The Holy Mass, by Fr. Lucas, is a historical treatise on the Roman Rite which is meant for the average reader that does not have a lot of study on the subject. It was first published in 1914 in two volumes and is now republished containing both volumes in one book.
Father Lucas says in his preface: "The attempt to write yet another book about the Mass while for English speaking Catholics Dr Fortescue's work on the Roman Liturgy holds the field may be deemed perchance both presumptuous and inopportune."
Father Lucas' first volume is more popular than the second which deals (chapters x -xiii) in a rather erudite fashion with the difficult question of the development of the Roman Canon. Father Lucas while admitting that the scholar need not be deterred from investigating the structure of the Roman Canon out of a mistaken feeling of reverence, still thinks that he can vindicate for the Roman Canon a more or less perfect organic unity. He does not agree with those writers Baumstark Buchwald and Drews who imagine that they see in it a kind of patchwork of which the chief portions are thought to have somehow got out of their right place. Fr. Lucas uses textual analysis of the Latin in comparison with ancient texts to demonstrate that the Canon was composed as one text, in union with many venerable authors.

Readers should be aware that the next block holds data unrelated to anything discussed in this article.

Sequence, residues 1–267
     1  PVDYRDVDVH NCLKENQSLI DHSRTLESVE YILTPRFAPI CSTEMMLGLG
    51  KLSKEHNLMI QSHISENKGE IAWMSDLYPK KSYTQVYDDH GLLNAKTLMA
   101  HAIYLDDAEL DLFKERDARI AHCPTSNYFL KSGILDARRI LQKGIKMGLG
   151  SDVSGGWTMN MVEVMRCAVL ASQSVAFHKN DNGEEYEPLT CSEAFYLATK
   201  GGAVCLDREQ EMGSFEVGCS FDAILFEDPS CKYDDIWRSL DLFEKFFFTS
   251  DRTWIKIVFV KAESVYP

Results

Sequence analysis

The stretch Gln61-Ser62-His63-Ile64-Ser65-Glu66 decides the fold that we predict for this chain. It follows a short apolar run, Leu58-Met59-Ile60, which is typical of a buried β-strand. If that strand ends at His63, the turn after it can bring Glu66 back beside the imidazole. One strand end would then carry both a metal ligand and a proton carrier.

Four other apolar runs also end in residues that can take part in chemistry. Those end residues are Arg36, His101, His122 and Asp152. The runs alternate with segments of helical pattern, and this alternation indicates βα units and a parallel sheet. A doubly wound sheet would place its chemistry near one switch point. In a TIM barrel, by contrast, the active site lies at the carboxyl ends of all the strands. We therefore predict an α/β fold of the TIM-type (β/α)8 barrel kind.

This book will give you a greater understanding of the parts of the Holy Mass which in turn will lead to a deepening of devotion.